Making my Way Back
We all have a natural habitat. A place of comfort and ease that connects us to our natural state of Beingness.
Yet, in the straggle of human settlements that stretch like bleached coral reefs across the landscape, many of us are harnessed to thoughts, beliefs, situations that chaff and constrict. In the dissonant babble of other people’s voices we lose our way, forget what it is that we truly need to nurture our soul. We may wander in exile, lost in the endless surge of sensory stimuli that pluck and prod us off course. Our dreams and longings discarded, forgotten in the sweet meadow of distant memories.
Our neuroses may be a response to being removed our natural habitat. Our pliable brains adapt to places and situations, while our wise animal bodies speak to us in metaphor, show their dis-ease in symptoms.
Like humans, animals have an inner nature. And while some of their behaviours and defenses are not always due to overt abuse, their adaptations to an alien environment may distort and warp or erupt in aggressive behaviour.
Anna Breytenbach has devoted her life to inter-species communication. In The Animal Communicator, a documentary in which Anna demonstrates how animals and humans share the same need to be seen and heard, we see how animals and humans display similar trauma and defenses when out of balance with their natural state of being.
Katrina Clay, publisher of Healing Springs Journal, describes a Navajo Horse Blessing she witnessed recently in Saratoga County. Each race horse was blessed with the intention that they would heal, let go of past wounds. Many of the race horses distracted themselves with habitual behaviours.
She writes, “good race horses have every physical need met in order to perform well. What is often neglected, however, is experiencing life true to the nature of horses – outdoors in strong social groups, eating 20 hours a day on a variety of nutritionally low plants while travelling as far as 20 miles a day finding them. While some horses and people are well adjusted to domestication, others habitually fill the empty time ordinarily satisfied by searching for food with hollow patterns of behaviour… For a horse, it may come out as cribbing or biting. For a human it may be workaholism … or any multitude of obsessions.”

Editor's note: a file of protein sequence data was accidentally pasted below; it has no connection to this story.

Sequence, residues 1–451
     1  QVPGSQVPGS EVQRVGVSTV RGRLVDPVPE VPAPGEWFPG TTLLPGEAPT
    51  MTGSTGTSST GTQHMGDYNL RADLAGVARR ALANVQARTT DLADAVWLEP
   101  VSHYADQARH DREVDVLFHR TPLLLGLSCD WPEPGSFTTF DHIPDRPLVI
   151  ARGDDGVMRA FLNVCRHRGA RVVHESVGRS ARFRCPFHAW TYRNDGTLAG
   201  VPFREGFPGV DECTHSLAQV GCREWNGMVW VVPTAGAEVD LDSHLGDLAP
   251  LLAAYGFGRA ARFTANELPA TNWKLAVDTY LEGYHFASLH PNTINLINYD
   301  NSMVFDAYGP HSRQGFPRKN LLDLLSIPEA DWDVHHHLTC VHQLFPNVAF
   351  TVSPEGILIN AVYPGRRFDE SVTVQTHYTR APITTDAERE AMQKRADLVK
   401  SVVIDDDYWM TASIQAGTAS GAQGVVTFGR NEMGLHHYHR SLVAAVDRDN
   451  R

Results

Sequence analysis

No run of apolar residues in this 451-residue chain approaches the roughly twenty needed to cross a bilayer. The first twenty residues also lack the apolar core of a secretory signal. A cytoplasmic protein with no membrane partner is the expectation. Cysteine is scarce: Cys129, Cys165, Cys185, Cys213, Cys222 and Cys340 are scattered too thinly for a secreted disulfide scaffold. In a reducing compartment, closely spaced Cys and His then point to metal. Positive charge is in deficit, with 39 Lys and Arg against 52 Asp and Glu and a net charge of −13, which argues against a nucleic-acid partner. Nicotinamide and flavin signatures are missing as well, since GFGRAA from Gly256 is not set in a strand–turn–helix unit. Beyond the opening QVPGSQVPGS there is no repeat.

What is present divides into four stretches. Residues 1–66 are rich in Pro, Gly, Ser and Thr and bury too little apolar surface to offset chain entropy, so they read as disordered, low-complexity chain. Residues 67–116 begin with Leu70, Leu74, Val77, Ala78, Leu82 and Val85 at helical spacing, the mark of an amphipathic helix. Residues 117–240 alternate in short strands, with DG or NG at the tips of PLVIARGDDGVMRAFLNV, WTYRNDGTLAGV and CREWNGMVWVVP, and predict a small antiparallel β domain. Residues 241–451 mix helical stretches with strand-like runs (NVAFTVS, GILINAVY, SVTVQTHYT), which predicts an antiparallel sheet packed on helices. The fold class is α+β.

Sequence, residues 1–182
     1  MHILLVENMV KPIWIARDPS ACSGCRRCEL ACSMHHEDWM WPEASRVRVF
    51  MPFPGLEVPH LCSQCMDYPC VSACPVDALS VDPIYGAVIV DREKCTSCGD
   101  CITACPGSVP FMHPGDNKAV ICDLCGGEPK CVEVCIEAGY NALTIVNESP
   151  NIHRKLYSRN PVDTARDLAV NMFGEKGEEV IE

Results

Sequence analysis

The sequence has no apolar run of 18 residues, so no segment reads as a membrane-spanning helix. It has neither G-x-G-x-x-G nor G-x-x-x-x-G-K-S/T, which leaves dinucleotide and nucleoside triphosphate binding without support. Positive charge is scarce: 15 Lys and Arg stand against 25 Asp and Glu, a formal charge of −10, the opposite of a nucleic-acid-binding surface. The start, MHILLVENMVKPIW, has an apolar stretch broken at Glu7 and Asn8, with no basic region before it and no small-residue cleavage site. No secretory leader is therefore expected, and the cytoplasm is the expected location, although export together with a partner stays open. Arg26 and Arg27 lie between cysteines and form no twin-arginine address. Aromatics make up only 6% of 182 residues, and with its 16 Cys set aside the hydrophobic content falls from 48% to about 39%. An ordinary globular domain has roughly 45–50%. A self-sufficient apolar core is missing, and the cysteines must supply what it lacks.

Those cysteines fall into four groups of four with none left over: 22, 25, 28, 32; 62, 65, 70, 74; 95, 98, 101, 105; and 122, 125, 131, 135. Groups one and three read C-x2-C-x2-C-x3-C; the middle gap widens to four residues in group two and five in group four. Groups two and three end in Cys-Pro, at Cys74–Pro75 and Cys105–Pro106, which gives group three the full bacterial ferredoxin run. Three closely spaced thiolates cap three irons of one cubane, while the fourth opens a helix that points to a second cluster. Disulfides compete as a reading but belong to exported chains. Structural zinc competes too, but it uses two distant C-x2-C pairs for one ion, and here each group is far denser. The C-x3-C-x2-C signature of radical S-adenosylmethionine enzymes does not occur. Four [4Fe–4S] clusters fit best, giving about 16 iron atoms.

Over the past thirty years we have all experienced Promethean changes in technology which has changed the way we think, communicate, behave. March 2015 will see a solar eclipse and the final Uranus-Pluto square in the series of seven which have reflected global events, particularly in the use and mis-use of power as well as the unprecedented proliferation of new technology. Perhaps this final square will bring a sense of resolution for some of us in some deeply personal way. A decision to take the action needed to make those changes that reflect inner growth. A choice to replace habitual thoughts or behaviours with new ways of being in this world that resonates with an authentic place within.
Change is unsettling, even threatening for humans and animals. We, like the other animals on this planet, are hardwired for danger. Our anxious brains have kept us alive for eons. Many of us tend to become more calcified as we age, more fearful, more sealed into our ticks and twitches. For most of us, letting go of our defenses is threatening. For some of us, we will never be ready or willing to embrace the changes which terrify us. And yet, it is in the taking of baby steps that we can truly follow our bliss and find our way back to a place where we feel a Belonging.
“We have not yet arrived, but every point at which we stop requires a re-definition of our destination,” writes poet, Ben Okri,in Tales of Freedom.
Beneath the surfaces of our lives our yearnings flutter and soar like the summer swallows on thermals of delight. Our places of nurture which will be different for each one of us. Like the brave green shoots that thrust from cracks in pavements and the trees that stand sentinel alongside swirl and swish of traffic, we live amidst noise and fumes of humans in continuous motion. Yet some of us may know those places of silence. If we allow ourselves to go there, we may re-visit that spacious zone where we expand into our Belonging. Perhaps making our way back will require one day a week where we switch off the phone, leave the incessant demands of our in-box, turn our eyes away from the twitter stream or the distractions that become our armouring and our straight-jacket. Perhaps then we will glimpse our natural habitat. Perhaps then we will know that private place, where we feel our Belonging.
Gemma Hayes from the new album Bones and Longing